Each heart-shaped pouch features googly eyes attached to bright, colorful fur. When the zipper on the back of the heart is opened, a silly serenade begins while a mini-card is revealed. The card is available in red, pink and purple colors and each of the three choices offers a different well-known song.

“Consumers fell in love with the Warm Fuzzy concept as gift bags and birthday cards, so we are proud to bring the furry fun and heartfelt sentiments to life for Valentine’s Day,” Carol Miller, vice president of corporate innovation at American Greetings, said. “While Valentine’s Day is predominantly a classic, romantic holiday in nature, consumers still love a good surprise!”

The Warm Fuzzy Love cards can be found in participating drug chains, grocery stores and mass retailers nationwide as well as in American Greetings and Carlton Cards retail stores.

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Own brand strategy trumps NBE, Daymon analysis finds

BY Michael Johnsen

With 81% of shoppers now buying private label products on every or almost every shopping trip, it’s no surprise that own brands are positioned to disrupt the industry.

“Private brands have entered a renaissance period that has allowed them to become more differentiated than ever before,” Jim Holbrook, CEO, Daymon, said. “We are seeing that retailers with distinctive, one-of-a-kind private brands will survive and thrive, while those with national brand equivalents will struggle as competitive pressures mount.”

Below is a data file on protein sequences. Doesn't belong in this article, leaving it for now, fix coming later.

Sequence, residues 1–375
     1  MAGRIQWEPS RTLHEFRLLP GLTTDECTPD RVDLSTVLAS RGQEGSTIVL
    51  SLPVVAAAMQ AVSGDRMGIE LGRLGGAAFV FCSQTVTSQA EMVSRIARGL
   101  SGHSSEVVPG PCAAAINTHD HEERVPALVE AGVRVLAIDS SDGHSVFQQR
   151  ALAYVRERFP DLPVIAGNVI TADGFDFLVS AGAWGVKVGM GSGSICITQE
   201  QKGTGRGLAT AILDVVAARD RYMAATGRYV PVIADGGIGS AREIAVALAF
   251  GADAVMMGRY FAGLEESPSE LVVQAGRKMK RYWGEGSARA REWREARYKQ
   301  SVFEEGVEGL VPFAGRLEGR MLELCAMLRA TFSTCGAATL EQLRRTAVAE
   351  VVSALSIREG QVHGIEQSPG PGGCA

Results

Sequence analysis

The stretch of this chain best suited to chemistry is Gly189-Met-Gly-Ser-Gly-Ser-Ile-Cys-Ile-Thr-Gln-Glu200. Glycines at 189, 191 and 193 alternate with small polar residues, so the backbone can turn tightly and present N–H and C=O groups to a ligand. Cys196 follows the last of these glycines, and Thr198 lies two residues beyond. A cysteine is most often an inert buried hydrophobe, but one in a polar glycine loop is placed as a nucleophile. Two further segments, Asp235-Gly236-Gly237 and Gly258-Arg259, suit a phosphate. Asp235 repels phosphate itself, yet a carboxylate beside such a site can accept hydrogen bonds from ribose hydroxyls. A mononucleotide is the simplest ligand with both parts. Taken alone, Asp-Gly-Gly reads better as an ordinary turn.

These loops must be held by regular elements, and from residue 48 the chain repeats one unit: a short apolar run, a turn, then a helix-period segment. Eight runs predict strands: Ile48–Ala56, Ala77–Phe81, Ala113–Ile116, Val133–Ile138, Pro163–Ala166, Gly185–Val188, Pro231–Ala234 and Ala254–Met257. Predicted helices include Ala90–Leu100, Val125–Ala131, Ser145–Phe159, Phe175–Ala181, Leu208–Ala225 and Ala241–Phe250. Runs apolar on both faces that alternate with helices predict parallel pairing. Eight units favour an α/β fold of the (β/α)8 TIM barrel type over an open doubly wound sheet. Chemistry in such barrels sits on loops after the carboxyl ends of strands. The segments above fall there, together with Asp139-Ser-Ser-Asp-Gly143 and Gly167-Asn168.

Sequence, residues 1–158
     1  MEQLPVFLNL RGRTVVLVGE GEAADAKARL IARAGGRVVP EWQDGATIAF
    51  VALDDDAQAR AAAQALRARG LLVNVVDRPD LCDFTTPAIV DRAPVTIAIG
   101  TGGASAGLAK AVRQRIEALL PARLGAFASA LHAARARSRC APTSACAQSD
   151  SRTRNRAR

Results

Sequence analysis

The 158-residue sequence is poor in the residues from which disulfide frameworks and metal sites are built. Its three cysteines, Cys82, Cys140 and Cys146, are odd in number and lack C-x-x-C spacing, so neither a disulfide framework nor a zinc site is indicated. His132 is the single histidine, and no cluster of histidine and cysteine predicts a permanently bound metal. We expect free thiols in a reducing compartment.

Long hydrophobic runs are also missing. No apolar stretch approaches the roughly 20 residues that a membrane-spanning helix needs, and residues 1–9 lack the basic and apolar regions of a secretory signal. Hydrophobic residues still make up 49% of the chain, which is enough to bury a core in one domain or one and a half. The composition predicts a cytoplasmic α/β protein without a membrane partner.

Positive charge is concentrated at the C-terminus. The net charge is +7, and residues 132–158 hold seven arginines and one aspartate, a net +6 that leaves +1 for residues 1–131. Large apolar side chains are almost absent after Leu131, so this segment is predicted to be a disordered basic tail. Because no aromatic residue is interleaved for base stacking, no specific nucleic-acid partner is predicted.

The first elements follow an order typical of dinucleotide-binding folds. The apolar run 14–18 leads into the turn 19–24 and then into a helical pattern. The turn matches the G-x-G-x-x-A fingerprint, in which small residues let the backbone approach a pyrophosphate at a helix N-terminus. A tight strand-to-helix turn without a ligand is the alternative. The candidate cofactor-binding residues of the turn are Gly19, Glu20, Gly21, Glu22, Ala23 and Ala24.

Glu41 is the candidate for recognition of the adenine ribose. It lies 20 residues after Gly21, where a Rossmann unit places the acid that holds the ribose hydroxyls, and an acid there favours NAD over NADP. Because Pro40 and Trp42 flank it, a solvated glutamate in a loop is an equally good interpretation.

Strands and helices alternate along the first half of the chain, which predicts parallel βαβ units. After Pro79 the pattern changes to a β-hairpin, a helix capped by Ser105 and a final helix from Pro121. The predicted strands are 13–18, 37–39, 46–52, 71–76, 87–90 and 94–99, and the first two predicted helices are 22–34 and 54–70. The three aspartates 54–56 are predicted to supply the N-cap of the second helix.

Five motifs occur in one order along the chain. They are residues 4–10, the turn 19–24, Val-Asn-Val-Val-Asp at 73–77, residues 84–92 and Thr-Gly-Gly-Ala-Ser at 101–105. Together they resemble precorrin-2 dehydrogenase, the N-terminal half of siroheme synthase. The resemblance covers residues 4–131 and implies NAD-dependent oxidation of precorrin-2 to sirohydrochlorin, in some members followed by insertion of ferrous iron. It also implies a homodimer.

The Stamford, Conn.-based retail analysis firm on Monday published its first-ever Private Brand Intelligence Report, providing a “State of the Industry” benchmark analysis on how private brands stack up against national brands based on proprietary survey data, category research from Daymon analysts and insights from experts under the Daymon umbrella.

And 2017 was a pivotal year, the report noted, as many retailers invested in their private label programs to deliver true differentiation, not just mere imitation. That may be one of the bigger reasons behind the success of Kroger’s Simple Truth, for example, which earlier this month reached a $2 billion benchmark in own brand sales.

According to the report, 85% of the 2,000 shoppers surveyed trust private brand products at least as much as national brands. Reinforcing that consumer trust in private label is the fact that store brand sales have increased by 4%, or eight times more, than national brand sales.

And expect that gap between national brand growth and private label growth to continue to expand. According to that survey, 74% of consumers believe store brands today provide the bigger bang for the buck, with 61% attesting to the improvement in quality across own brand selections. More than half, or 53% of shoppers, specifically look for a private brand option before making a purchase.

“Shoppers today are looking for ways to be disloyal,” Holbrook noted. “They aren’t interested in seeing the same thing; they are demanding better service, selection and experience.”

The most significant pocket of opportunity might be health and wellness, according to the report. It’s the fastest growing segment within private brand and in 2017 was marked as a $3.7 trillion opportunity globally.